Fats are composed of building blocks called fatty acids. There are basically two types of fatty acids i.e saturated and unsaturated fatty acids. Saturated fatty acids (SFA) are those that have single carbon-carbon bond. The unsaturated fatty acids contain double bond in between their carbon atoms. These unsaturated fatty acids can further be divided into two sub-categories :- Mono-unsaturated Fatty Acids (MUFA) and Poly-unsaturated Fatty Acids(PUFA). When there is one double bond, it is termed mono-unsaturated fatty acids (MUFA). When more than one double bond occurs, it is termed as poly-unsaturated fatty acids (PUFA).
Saturated fatty acids are generally solid at room temperature. Oils rich in saturated fatty acids are Desi Ghee (Butter Fat), Palm Oil, Coconut Oil etc.. Saturated fatty acids have the tendency to raise the levels of total cholesterol in the body. But they have a good oxidation stability which is considered desirable for promotion of overall health.
Poly-unsaturated fatty acids are liquid at room temperature. Oils rich in poly-unsaturated fatty acids (PUFA) are Sunflower Oil, Safflower Oil, Soya bean Oil and Corn Oil. Poly-unsaturated fatty acids are known to lower the cholesterol levels but sole & prolonged use of these oil have been found to adversely affect the good cholesterol levels besides causing other health complications due to poor oxidation stability of these fats.
Mono-unsaturated fatty acids are also liquid at room temperature. Oils rich in Mono-unsaturated fatty acids (MUFA) are Groundnut Oil (Peanut Oil) Olive Oil, Canola Oil, Mustard Oil and Rice Bran Oil. These fats are known to lower the levels of bad cholesterols without adversely affecting the levels of good cholesterols. However, this positive impact upon LDL cholesterols is relatively modest. These fats have reasonably good oxidation stability.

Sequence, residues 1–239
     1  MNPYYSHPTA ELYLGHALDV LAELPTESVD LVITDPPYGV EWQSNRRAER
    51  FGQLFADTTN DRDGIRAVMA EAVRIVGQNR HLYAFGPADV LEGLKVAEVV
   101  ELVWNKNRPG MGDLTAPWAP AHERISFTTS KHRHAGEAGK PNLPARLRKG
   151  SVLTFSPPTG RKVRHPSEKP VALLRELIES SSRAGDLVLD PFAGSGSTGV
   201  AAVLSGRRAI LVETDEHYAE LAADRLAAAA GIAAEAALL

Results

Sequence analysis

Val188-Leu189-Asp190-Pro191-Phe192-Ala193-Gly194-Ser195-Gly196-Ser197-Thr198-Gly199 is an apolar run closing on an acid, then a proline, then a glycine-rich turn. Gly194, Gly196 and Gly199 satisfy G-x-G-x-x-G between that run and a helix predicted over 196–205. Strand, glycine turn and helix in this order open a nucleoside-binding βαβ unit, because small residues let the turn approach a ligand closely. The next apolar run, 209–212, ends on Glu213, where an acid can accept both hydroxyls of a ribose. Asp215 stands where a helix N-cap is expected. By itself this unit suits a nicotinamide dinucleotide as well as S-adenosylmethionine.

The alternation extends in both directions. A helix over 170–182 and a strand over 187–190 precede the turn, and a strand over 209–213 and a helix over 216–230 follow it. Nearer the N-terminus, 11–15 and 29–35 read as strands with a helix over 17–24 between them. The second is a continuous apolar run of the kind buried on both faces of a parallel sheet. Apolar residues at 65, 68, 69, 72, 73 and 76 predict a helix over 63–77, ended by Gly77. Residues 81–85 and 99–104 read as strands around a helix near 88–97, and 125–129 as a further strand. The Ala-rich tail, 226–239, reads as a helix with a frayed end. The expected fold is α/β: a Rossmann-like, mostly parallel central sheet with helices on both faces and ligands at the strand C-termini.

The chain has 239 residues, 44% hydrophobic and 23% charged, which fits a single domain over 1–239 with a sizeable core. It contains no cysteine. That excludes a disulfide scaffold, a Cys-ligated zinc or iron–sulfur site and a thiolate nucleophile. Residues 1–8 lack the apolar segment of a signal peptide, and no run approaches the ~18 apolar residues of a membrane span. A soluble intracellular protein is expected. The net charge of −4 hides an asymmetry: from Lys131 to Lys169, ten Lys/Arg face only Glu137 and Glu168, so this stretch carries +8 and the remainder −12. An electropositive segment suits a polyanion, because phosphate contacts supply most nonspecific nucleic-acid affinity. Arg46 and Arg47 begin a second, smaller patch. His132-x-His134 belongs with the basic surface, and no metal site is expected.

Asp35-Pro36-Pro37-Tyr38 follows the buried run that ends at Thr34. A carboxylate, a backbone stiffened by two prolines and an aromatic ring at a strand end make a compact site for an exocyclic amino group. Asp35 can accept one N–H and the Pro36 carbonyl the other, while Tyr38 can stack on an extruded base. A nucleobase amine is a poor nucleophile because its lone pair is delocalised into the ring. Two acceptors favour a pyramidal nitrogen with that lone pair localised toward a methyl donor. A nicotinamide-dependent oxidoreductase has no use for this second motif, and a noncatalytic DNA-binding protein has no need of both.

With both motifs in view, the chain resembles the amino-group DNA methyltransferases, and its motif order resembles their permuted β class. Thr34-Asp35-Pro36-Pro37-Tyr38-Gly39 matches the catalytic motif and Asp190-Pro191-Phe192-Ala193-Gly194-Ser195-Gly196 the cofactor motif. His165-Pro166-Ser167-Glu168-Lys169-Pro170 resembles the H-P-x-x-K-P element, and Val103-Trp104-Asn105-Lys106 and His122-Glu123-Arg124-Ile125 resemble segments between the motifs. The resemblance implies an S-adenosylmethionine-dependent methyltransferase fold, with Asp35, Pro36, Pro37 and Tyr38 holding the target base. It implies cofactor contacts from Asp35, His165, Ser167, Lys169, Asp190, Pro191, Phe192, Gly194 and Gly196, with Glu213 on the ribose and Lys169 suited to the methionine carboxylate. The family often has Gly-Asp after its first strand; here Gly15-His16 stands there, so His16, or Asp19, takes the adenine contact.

Another type of fatty acids which are in news these days are trans-fatty acids. Also called trans-fats, these substances occur when poly-unsaturated oils are altered through hydrogenation, a process used to harden liquid vegetable oils into solid foods like margarine, shortening and vanaspati. Recent studies found that trans fatty acids raise LDL cholesterol levels, behaving much like saturated fats. Simultaneously, the trans-fatty acids reduced HDL cholesterol readings. In view of these findings it is advised these days that consumption of trans fatty-acids should be as low as possible.
Guidelines issued by the National Cholesterol Education Program (NCEP), U.S.A., and widely supported by most experts as well as American Heart Association (AHA) recommend that the daily intake of saturated fats and poly-unsaturated fats should not exceed 10 percent of total calorie intake and Mono-unsaturated fats be kept between 10 and 15 percent of total calorie intake. It is further advised that for people who have severe problems with high blood cholesterol even 10% level of saturated fats may be too high. Latest revised Diet and Lifestyle Recommendations issued in the year 2006 by the American Heart Association (AHA), suggest maximum limit for saturated fats as 7% of energy and below 1% of energy for trans-fat.
Guidelines released in July, 2005, by the National Institute of Nutrition (NIN), Hyderabad (INDIA), also suggest that saturated fat intake should not exceed 8-10% of total energy. Poly-unsaturated fats intake should be 8-10% of energy intake consisting of 6-8% linoleic acid (Omega-6) and 1-2% alpha linolenic acid (Omega-3) and the ratio of Omega-6/Omega-3 should ideally be 5 to 10. Mono-unsaturated fats should be 10-12% of the energy intake. It is further suggested that the intake of trans fatty acids (TFA) should be as low as possible and it should not exceed 2% of energy intake.
A perusal of the above recommendations would lead to the conclusion that one should use oils/fats or a combination of oils/fats having almost balanced fat composition with moderate levels of saturated fats and poly-unsaturated fats and higher levels of mono-unsaturated fats.